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Bossobass Dave

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Everything posted by Bossobass Dave

  1. Higher res is good. You can e-mail them to me and I'll save them in a folder until I run the waterfall graphs: bossobass@bossobass.com Also, is there any way you can do a slightly heavier trace line? The red trace is hard to see, although that may change with a higher res copy.
  2. Working on spectrograph caps for WOTW, Transformers and Transformers II. I may do more if time permits. For the ratings, I'm changing the Template to Level, Extension, Dynamics and Execution. As soon as Max gets the numbers, I'll load the stars.
  3. Found this sleeper. Assassin's Bullet with Donald Sutherland and Christian Slater. It's a pretty basic foreign intrigue flick but I found it better than a lot of the drama drivel the wife brought home to watch lately and the low end surprised me. So, thought I'd add it to the list while I was at it:
  4. I was wondering if you used the DVD or BR of Thor? I found the DVD to be quite normal and the BR to be like 10dB hotter. Since that was mic'd at the LP I didn't attribute it to the difference in players (I use Oppo for DVD and Panny for BR). I guess most don't do a rent the DVD then buy the BR or if they do they don't notice a diff, but this one was strikingly different, actually potentially system-damaging different, depending on listening habits and system.
  5. Nothing beats relevant data. In the past couple of years I've had a few discussions with the recent proponents of low Le, top heavy drivers. The #1 reason has been making these SL graphs of scenes from every subwoofer-required film in my library. A striking theme in these graphics appears soon after studying them that, after a long while, just jumps out and slaps you in the face... Look at the relative weight differences in peak and average and snapshot between the 1st 4 octaves (3-48 Hz) and the top 1-1/2 octaves (48-120 Hz). This clicked with something I read way back from Dolby in which it was recommended to filter the LFE at 80 Hz because the 120 Hz filter was a brick wall filter, so you would want your effects to be over before they hit that brick wall. Since then, others have said that the LFE channel is not necessarily brick walled at 120 Hz, but you can most certainly see that most soundtracks (of interest here) have a no mans land from 90-120 Hz. This drove me to reconsider the added cost of a flat-to-500 Hz driver motor in terms of $ and compromises to the actual goal. Max's graphs drive it home in a blink. I LOVE it when some really smart guy aims his guns at a problem and brings the results to the rest of us to see things we otherwise would never see. Awesome stuff, Max and thanks a truckload. I can't tell you how aggravating it was for me to suffer the last go-round with the "the graphs aren't scientific, the content is garbage, I've heard it and it's irrelevant", and my all-time favorite, "Bosso is trying to sell subwoofers so he HAS to say it's important" ... bulllllll shit. It's a ton of work to dig up actual facts regarding the physics, industry members' takes, Dolby and Holman's input, designing and building a system to reproduce faithfully, setting up software like SpecLab, running and posting hundreds of graphs along with the facts, etc., etc. What for? Certainly not for me because I already know this shit fairly comprehensively. Then to get pissed on for keeping the general consensus on track by folks who've never posted a single shred of data for anyone's benefit. Anyway, as Max said and as is usually the case, from the bad springs a better version with no noise frem the peanut gallery. Anyone who wishes to ignaore the facts can simply head back to the junk yard where the rest of that sort hangs out. I agree that it was so appropriate to land it here where Josh & Kyle have done a bang-up job providing data. This sort of exercise ties in perfectly with what they've provided and hopefully it will be an ever-evolving exercise to the benefit of everyone. BTW, I agree with Max, log scale gives too much weight to the first decade. I've tried it several times and just find it less usable than the linear scale. I'll post an example comparison when I get a second to be sure everyone else agrees and it isn't just my own bias.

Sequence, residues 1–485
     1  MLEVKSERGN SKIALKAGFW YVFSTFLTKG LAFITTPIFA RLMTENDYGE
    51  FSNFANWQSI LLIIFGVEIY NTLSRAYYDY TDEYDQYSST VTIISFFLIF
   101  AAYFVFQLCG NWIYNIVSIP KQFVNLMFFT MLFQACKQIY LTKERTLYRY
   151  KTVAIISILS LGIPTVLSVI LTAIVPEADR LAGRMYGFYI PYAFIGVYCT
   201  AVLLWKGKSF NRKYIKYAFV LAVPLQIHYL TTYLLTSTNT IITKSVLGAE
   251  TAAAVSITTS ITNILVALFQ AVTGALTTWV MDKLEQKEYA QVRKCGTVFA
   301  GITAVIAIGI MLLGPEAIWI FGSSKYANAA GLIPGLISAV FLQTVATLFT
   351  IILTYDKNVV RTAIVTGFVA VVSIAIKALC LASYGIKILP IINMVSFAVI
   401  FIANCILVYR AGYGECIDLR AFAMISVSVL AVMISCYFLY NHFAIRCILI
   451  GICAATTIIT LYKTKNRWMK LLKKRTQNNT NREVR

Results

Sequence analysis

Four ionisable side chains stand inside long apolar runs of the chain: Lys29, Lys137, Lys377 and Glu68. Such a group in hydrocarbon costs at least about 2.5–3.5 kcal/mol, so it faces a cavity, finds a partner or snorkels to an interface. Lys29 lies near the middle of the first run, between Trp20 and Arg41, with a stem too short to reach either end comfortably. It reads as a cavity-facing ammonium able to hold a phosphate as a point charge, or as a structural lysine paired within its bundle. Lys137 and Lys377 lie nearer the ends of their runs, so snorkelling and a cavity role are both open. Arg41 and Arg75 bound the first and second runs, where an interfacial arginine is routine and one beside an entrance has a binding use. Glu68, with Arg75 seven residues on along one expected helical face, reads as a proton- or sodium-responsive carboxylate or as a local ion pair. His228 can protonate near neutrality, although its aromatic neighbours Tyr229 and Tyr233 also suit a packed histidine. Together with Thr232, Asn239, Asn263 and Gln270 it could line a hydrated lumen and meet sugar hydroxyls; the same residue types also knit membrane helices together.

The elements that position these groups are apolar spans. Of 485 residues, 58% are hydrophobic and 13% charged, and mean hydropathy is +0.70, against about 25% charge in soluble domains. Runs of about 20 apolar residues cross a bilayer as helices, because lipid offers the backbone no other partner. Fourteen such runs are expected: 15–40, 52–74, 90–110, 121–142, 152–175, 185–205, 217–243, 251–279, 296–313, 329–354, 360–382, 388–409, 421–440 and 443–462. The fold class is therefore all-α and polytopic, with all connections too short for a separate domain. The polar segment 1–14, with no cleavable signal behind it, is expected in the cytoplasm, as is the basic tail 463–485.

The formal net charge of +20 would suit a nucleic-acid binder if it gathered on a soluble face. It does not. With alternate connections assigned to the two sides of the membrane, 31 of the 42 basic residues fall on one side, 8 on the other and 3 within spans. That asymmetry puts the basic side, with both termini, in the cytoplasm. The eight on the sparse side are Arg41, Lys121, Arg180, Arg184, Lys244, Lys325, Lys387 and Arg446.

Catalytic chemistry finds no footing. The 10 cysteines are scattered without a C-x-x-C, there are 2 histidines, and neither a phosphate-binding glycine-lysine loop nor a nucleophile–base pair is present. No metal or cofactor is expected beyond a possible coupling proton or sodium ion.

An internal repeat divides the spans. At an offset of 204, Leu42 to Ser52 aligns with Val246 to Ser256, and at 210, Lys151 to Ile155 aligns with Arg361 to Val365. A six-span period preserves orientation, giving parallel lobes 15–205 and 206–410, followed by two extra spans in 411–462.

6. Got it, and bingo: One thing: Change the sampling rate back to 48k Hz. 96k Hz with a decimation of 4 (my setting) gives a sampling rate of 24,000 Hz. What that does is spread the resolution across twice the number of frequencies, which is why the graph is pixelated, like my old settings were (which is when I graphed the scene in the above pic for comparison). If you change back to 48k Hz, it should match mine perfectly. The only other thing is that with a 0-480 Hz scale, there are no division lines to tell you what frequency the content is. It would be perfect if there were an option for the grid in the waterfall to be in 30 Hz increments, but there is no such option, so for now, you have it as good as it can be. It's just a glitch thing (the frequency scale) that I don't know how to deal with yet. If you could change the sample rate to 48000 and run that scene 1 more thime, I'll appreciate it.